We observe quantized jumps of in the phase of the interference fringe each time is swept through a Dirac point, i.e., every 60° (blue circles in Fig. 4B) (*28*, *29*). The binary nature of the phases is a consequence of the degeneracy between A and B sites, which dictates that the band eigenstates at each quasimomentum be an equal superposition of states and on the A and B sublattices (*19*). Therefore, on the Bloch sphere, the pseudospin is constrained to rotate on a meridian about an axis whose poles represent the corresponding cell-periodic functions and (inset of Fig. 3B). When we remove this constraint by introducing an energy offset between A and B sites (*19*, *30*)), we observe smoothly varying phases that are always less than (red circles in Fig. 4B). The dependence of the phase on angle indicates both the breaking of inversion symmetry and the preservation of the threefold rotational symmetry of the lattice.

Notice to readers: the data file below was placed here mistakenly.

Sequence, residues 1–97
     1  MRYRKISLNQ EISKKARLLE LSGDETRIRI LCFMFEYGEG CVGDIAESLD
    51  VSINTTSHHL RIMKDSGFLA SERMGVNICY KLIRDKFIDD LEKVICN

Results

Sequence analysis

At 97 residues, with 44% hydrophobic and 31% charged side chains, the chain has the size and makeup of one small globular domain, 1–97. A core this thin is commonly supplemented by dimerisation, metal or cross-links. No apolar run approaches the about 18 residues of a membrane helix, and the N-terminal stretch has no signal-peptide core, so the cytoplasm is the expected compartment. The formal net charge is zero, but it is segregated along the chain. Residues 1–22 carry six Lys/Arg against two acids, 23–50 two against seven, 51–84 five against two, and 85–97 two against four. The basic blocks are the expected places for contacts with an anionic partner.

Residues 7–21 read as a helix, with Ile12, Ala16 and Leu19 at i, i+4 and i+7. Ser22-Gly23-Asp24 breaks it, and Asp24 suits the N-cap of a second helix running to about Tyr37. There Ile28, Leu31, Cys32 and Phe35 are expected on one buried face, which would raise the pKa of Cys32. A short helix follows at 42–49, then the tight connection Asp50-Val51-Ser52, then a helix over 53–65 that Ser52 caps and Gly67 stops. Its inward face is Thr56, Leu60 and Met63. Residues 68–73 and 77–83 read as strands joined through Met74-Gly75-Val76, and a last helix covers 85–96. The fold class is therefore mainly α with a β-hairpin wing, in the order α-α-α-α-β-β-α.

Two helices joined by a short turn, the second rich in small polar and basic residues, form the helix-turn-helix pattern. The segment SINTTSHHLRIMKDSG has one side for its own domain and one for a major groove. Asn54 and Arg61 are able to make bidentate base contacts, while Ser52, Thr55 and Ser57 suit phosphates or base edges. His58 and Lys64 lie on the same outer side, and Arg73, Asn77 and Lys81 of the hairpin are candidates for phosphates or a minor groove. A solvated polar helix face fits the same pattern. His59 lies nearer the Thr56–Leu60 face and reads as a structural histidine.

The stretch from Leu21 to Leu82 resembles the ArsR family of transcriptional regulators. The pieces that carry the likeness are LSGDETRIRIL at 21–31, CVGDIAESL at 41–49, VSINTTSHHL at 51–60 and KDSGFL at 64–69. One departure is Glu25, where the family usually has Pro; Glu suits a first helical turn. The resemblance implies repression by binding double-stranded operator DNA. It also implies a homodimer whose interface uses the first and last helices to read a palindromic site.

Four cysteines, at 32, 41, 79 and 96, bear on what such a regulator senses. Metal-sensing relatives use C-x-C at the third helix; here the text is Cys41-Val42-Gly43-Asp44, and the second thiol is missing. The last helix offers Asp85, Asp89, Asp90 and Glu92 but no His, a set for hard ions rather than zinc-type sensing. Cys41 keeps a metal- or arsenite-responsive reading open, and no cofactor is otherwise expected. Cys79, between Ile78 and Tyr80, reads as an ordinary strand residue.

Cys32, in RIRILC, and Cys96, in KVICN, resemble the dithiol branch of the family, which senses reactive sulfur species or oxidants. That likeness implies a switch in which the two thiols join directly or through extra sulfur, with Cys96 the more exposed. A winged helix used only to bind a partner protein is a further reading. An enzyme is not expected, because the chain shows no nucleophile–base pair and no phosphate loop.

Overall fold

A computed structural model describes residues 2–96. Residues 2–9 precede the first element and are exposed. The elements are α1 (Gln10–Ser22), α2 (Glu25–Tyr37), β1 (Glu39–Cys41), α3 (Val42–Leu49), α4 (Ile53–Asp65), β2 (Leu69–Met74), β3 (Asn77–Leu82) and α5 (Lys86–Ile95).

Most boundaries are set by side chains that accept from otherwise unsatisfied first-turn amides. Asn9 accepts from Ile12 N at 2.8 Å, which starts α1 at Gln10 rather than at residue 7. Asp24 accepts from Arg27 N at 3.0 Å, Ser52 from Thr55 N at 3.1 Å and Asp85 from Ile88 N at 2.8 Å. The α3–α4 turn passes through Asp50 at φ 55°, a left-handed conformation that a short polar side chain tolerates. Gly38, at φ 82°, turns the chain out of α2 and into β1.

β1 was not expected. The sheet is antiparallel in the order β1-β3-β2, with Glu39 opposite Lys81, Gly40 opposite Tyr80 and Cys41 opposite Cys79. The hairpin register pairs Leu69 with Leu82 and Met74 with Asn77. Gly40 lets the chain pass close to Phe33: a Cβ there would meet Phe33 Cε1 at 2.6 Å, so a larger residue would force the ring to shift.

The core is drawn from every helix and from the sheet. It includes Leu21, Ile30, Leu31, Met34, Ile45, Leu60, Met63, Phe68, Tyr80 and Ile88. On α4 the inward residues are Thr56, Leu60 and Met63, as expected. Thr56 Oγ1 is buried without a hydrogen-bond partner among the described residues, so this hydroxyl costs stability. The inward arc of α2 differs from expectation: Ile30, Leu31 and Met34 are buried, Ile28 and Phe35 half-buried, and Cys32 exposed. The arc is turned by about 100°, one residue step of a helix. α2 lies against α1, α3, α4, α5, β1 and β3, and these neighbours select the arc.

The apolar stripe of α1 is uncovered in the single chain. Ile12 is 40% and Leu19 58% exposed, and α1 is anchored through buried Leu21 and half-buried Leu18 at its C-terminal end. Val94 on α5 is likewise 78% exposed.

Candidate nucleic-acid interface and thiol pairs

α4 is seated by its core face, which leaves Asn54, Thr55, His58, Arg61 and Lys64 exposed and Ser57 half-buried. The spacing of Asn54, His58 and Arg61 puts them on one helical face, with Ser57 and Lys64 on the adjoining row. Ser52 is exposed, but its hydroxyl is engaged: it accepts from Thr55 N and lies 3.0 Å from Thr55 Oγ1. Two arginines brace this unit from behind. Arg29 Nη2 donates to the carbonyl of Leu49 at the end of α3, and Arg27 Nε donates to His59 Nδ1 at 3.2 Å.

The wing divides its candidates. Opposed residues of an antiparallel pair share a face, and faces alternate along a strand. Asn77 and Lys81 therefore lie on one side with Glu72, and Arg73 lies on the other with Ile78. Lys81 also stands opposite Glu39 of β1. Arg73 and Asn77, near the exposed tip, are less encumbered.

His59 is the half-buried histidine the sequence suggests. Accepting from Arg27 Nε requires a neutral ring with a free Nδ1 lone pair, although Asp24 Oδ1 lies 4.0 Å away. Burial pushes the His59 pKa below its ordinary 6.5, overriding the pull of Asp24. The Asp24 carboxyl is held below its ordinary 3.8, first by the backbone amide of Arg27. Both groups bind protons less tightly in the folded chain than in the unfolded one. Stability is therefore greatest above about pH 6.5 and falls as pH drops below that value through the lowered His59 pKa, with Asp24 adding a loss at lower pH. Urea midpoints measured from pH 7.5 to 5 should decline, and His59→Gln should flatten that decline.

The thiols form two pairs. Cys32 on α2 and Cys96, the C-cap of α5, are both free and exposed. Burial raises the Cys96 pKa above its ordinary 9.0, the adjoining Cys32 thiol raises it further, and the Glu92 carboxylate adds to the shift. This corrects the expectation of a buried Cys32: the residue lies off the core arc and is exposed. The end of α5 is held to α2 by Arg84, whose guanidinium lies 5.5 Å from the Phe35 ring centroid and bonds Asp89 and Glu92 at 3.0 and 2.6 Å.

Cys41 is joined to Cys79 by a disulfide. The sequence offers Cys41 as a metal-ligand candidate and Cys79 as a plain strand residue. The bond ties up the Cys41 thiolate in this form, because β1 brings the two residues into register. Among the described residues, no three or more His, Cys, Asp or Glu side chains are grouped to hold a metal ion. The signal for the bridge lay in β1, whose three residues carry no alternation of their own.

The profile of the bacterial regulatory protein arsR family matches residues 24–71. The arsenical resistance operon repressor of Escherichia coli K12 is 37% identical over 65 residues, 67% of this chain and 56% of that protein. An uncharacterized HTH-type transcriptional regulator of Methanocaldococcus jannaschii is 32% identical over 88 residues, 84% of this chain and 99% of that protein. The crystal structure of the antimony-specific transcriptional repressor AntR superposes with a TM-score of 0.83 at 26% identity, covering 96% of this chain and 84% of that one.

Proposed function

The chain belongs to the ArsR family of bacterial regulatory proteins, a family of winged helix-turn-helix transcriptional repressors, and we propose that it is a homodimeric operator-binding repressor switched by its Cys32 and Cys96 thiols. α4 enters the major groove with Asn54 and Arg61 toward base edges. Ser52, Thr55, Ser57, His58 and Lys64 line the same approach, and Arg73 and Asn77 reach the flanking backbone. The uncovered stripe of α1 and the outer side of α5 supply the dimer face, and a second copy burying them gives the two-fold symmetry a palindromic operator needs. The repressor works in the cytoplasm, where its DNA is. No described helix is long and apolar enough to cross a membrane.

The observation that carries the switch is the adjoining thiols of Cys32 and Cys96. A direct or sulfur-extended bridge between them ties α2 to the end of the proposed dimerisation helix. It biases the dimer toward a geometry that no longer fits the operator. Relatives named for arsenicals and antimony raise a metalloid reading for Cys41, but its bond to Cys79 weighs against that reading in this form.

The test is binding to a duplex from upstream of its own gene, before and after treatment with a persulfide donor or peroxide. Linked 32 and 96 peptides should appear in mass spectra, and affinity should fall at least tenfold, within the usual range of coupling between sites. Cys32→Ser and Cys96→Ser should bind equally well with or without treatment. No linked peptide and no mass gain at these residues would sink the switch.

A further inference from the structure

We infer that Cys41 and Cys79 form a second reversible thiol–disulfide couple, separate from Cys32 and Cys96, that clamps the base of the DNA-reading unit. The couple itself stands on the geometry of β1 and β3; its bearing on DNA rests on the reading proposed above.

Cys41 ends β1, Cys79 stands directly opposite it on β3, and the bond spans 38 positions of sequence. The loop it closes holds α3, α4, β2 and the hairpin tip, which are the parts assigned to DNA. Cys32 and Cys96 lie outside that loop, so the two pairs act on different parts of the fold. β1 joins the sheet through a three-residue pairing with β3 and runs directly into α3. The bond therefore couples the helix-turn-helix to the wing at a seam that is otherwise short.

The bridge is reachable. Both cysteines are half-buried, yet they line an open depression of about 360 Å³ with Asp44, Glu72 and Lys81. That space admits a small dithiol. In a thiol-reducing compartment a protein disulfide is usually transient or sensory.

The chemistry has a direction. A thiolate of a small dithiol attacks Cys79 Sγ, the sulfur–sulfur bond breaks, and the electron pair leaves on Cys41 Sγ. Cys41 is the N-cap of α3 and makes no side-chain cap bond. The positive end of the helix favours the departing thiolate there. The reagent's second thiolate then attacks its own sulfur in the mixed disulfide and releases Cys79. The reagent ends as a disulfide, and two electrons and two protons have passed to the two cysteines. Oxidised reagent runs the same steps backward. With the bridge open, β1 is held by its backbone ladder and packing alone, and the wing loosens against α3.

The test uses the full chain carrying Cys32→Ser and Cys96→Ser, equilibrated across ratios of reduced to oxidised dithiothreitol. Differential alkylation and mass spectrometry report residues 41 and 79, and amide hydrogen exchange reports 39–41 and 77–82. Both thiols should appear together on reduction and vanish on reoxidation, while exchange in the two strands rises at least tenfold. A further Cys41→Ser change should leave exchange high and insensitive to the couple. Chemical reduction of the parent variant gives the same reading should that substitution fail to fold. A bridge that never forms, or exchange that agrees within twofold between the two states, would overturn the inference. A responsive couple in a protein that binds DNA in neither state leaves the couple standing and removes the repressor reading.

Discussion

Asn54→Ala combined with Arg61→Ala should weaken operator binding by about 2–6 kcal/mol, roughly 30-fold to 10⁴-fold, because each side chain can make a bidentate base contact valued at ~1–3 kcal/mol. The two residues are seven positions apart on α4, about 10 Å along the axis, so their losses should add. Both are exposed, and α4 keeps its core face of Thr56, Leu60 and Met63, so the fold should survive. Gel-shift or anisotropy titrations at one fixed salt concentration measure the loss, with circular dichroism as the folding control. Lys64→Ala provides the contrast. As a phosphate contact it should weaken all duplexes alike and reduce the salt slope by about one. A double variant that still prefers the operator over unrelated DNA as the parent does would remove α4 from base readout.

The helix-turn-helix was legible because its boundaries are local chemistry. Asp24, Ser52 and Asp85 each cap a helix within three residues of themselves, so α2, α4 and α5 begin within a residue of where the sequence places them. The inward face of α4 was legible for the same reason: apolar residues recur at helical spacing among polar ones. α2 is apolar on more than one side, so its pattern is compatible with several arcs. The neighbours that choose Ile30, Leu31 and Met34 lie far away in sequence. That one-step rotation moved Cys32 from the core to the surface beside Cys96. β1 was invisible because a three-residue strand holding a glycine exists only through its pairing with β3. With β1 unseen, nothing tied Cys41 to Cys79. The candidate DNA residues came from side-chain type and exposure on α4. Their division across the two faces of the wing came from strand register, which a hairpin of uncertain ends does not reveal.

Apart from reconstructing the cell-periodic Bloch functions, our method also provides access to eigenvalues of Wilson-Zak loops, , which is essential for determining various topological invariants (*7*–*9*). To this end, we split the Wilson-Zak-loop matrix into a global phase factor, which can be measured by extending previous methods (*13*–*15*, *31*), and an matrix with eigenvalues . Using the data from Figs. 3B and 4B, we reconstruct the eigenvalues for a loop transporting from to , up to multiples of (*19*). We find the eigenvalue phases to be , in good agreement with the value of predicted from the two-band model. Notably, we measure the same eigenvalues even when the band eigenstates are modified by an energy offset between A and B sites (*19*). This invariance is a direct consequence of the real-space representation of the Wilson-Zak loop, [see Eq. 2 and (*19*)]. Because the Wilson-Zak loop depends only on the position operator , the eigenvalues are determined solely by the physical locations of the lattice sites, which are unchanged by the energy offset.